The brutal truth is that men have always been stronger than women. In primitive times, before agriculture, men were the hunters, who produced the food on which the very existence of the family or tribe depended. Childbearing, in such cultures, was not an asset to a female, but a positive handicap. For several months each year she was slow on her feet, sluggish, and clumsy. The baby picked its own time to be born—as it still does—and this might be a very inconvenient time: on the march, during a war, or right in the middle of the harvest. Admitting that primitive women may have been tougher than their spoiled modern descendants and took little time out to bear the child, they had to take some time; we can fancy the skin-clad husband stamping up and down as the tribe gets farther ahead, looking impatiently at the sun moving up the sky and yelling to his mate to hurry up! Childbirth is also a perilous time. The mortality rate may not have been as high in Neanderthal times as it was in eighteenth-century Europe, when ignorant physicians brought the germs of puerperal fever into the wards from the dissecting room, but childbirth has always had risks, and in the days before antisepsis and surgery a lot of women died. I may be prejudiced, but it seems to me that a pregnant chief would not be an asset to any tribe, particularly a tribe of wandering hunters.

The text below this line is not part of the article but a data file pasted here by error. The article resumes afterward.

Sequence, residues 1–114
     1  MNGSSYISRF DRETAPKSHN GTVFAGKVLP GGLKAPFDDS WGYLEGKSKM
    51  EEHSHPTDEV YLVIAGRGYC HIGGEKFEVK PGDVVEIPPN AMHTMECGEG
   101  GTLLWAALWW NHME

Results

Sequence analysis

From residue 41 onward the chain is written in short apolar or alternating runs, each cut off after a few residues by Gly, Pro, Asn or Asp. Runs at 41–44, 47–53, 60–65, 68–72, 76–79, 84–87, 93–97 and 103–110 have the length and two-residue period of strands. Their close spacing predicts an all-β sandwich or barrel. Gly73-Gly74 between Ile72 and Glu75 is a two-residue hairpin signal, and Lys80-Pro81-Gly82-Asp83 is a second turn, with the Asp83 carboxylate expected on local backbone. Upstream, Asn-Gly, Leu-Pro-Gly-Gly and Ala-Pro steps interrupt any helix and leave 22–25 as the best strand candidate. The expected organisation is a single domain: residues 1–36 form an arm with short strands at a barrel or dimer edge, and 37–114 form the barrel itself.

It might be postulated that women only came into their own with the advent of agriculture. The first farmers might have been female, and some bright Neolithic husband might have seen the connection between the fertility of the earth and that of his wife. This could conceivably lead to a deification, if not of women, of the female principle. But the oldest statues which have been thought to be those of a mother goddess come from Paleolithic, not Neolithic, levels; so we get back to the caveman, leaning over his wife, his eyes misted and his mouth trembling, as she smiles up at him and presents him with his son….

No, it won’t do. Let us leave this fooling and say simply that anthropologists no longer accept the blanket theory of primitive matriarchies. So we can’t quote the general thesis to support what looks like a survival of matriarchal conditions in Egypt.

In fact, when we examine the evidence from Egypt we find that the theory of inheritance through the female can only be supported by a series of unreasonable exceptions and explanations. The heiress must, by necessity, have been the daughter of a king and the previous heiress, who ought logically to have been the king’s chief wife.